Verizon's Wireless Subscription Additions Heat Up in the Second Quarter

Verizon's "biggest and best" network maintains its lead for now.

Nicholas Rossolillo
Nicholas Rossolillo
Aug 6, 2019 at 9:33AM
Technology and Telecom

The U.S. wireless market is about to get a simultaneous tie-up and shake-up, but for now Verizon (NYSE:VZ) sits atop it all. Its second-quarter 2019 revenue was down 0.4%, but adjusted earnings increased 2.5% due to an increase in both subscribers and average service revenue per subscriber -- a modest yet solid performance for the telecom giant.  

Meanwhile, the battle over next-gen 5G wireless services is only just beginning to heat up. Verizon got off to an early but narrow lead, but the network provider still looks like a solid bet for income investors in this period of transition.

Fighting to maintain lead

Verizon's net postpaid wireless subscribers increased 451,000 in the second quarter after a not-uncommon sluggish start to the year. Year to date, the network giant has put together a more-than-respectable performance, given the general slowdown in new wireless subscribers available to be won and in spite of ever-present competition. T-Mobile (NASDAQ:TMUS) and its soon-to-be-absorbed peer Sprint (NYSE:S) continue to chip away at the lead, but Verizon's wide margin over both of them and No. 2 rival AT&T (NYSE:T) nevertheless remains safely intact for now.

Metric

Verizon

AT&T

T-Mobile US

Sprint

Total net retail postpaid subscriber additions (first half of 2019)

512,000

437,000

2.1 million

303,000

Total retail postpaid subscribers (end of Q2 2019)

114 million

76.3 million

39.1 million

33.1 million

Data source: Verizon, AT&T, T-Mobile, and Sprint.

In other, less glorious, news, Verizon's media division (made up of AOL, Yahoo!, and other patched-together legacy internet sites) slouched another 2.9% year over year and brought in just $1.8 billion -- although it was an improvement over the 7.2% decline in Q1. Don't get too excited, though, as Verizon has been scaling back on that segment for some time. Total debt fell again to $104.6 billion (it was $105.9 billion to start the year) and free cash flow over the last 12 months is now up 12% to $16.5 billion.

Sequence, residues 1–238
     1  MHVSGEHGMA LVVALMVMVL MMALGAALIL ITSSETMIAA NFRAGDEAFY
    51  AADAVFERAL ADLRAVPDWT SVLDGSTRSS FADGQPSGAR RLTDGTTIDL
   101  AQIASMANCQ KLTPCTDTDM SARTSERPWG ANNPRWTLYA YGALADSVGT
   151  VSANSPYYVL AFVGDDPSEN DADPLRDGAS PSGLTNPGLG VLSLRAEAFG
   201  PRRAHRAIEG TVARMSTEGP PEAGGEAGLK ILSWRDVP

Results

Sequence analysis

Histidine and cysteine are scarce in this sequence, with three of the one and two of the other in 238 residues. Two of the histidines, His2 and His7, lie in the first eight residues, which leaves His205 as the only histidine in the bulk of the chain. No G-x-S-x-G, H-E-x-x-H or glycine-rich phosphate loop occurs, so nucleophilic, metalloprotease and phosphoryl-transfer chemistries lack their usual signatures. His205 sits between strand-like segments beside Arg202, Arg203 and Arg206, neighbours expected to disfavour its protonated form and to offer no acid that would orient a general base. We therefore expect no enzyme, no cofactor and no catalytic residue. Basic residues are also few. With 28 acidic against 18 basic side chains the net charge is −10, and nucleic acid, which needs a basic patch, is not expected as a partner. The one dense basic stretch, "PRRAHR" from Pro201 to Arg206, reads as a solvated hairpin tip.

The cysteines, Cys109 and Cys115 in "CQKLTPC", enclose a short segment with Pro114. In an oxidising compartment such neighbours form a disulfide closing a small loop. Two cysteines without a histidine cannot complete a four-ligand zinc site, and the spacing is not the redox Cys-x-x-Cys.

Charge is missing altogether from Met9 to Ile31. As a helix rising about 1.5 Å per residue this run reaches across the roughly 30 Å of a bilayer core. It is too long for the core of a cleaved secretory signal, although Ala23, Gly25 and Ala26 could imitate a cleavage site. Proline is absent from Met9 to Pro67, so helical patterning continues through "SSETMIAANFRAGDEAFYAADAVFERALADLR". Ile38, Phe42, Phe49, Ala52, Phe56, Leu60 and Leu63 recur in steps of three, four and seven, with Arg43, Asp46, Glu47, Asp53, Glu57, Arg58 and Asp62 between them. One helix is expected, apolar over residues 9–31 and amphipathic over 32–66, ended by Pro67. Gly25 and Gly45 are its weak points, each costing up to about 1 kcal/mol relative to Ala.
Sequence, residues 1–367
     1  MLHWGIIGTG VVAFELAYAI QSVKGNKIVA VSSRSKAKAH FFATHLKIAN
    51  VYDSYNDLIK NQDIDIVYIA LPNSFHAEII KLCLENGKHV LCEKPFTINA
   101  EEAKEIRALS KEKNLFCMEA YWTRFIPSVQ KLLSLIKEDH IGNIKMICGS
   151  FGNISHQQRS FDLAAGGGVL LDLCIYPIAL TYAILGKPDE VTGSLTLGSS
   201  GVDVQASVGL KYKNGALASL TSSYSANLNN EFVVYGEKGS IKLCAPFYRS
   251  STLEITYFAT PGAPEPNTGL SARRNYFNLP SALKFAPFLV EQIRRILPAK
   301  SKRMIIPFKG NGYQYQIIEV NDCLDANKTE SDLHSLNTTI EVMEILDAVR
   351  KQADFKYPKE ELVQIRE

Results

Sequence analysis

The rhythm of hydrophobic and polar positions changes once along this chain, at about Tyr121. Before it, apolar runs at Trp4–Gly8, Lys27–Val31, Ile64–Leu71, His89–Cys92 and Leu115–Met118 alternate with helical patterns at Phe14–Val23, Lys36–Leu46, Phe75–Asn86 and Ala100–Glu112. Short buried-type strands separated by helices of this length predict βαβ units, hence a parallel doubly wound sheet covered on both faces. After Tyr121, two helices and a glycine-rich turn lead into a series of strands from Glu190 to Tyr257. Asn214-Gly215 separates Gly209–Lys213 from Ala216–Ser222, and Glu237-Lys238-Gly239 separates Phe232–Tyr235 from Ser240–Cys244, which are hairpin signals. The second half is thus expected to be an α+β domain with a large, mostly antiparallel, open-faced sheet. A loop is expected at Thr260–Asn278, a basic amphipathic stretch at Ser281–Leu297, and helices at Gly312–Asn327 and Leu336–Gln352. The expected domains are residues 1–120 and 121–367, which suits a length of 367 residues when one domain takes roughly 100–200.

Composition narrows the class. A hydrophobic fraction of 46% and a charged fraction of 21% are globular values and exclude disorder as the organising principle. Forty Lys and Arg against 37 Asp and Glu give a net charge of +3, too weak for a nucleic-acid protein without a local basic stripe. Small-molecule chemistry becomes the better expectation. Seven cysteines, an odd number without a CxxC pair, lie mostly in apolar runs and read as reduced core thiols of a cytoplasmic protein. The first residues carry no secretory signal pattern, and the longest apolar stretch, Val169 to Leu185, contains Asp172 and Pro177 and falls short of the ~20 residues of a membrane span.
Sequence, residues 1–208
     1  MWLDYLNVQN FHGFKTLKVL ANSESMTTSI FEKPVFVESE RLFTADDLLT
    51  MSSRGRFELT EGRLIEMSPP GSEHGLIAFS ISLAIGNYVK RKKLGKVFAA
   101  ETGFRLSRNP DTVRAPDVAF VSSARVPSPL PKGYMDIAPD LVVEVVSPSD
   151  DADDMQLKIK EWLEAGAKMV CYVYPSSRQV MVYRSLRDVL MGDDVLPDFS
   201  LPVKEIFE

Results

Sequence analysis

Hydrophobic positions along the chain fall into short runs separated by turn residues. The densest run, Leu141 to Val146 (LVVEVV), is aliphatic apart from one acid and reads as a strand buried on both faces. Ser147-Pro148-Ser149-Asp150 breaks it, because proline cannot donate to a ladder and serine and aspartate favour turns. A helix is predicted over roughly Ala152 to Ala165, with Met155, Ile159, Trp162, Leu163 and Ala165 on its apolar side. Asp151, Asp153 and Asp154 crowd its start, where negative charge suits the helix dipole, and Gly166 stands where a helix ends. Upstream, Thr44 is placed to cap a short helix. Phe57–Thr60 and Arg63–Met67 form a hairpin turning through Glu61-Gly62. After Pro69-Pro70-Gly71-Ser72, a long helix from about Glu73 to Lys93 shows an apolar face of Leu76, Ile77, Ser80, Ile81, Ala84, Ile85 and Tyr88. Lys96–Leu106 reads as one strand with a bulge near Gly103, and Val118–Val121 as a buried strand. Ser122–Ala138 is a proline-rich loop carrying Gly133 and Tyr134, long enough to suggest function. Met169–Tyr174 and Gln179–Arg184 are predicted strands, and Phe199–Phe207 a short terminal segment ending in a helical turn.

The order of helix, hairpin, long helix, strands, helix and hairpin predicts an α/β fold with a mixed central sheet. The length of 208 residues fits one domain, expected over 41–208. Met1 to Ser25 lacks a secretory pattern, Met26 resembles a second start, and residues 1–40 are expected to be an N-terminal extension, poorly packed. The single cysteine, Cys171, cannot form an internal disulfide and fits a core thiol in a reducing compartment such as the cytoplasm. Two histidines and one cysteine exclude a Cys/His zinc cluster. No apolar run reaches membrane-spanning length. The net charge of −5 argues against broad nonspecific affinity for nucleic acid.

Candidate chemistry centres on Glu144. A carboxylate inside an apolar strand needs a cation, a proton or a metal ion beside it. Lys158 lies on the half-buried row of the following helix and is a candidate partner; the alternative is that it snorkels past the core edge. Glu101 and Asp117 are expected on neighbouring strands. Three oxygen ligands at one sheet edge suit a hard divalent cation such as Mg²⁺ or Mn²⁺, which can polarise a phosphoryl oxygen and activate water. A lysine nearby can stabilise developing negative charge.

A woman standing on a bridge using a smartphone with a city skyline in the background.

Image source: Verizon.

Next-gen services taking shape

Along with second-quarter results, Verizon also announced that its 5G mobile service rolled out to an additional four cities (Washington, D.C., Atlanta; Detroit; and Indianapolis), bringing the total count up to nine. That number doesn't include four cities where a 5G broadband internet service -- dubbed 5G Home -- is available.

While Verizon got off the line first in the 5G race and continues to be the dominant force in the current 4G standard, 5G has quickly become an open field. AT&T's 5G is currently available in parts of 19 cities, T-Mobile's in six, and Sprint's in five. The pending merger between T-Mobile and Sprint could be a particularly potent combination in new network build-out, as it will combine two efforts. T-Mobile's long-range network spectrum is especially notable: The company thinks it can eventually cover 96% of Americans.

But Verizon nevertheless remains in strong position to maintain its lead as the world begins to transition to faster mobility. The company was the first to launch a commercially available 5G service and has ample free cash flow to keep building out the infrastructure needed to support nationwide coverage. It's far too early to say who will eventually emerge on top, but in the meantime, Verizon is a solid bet for income investors with its stable wireless business and a dividend currently yielding 4.4%.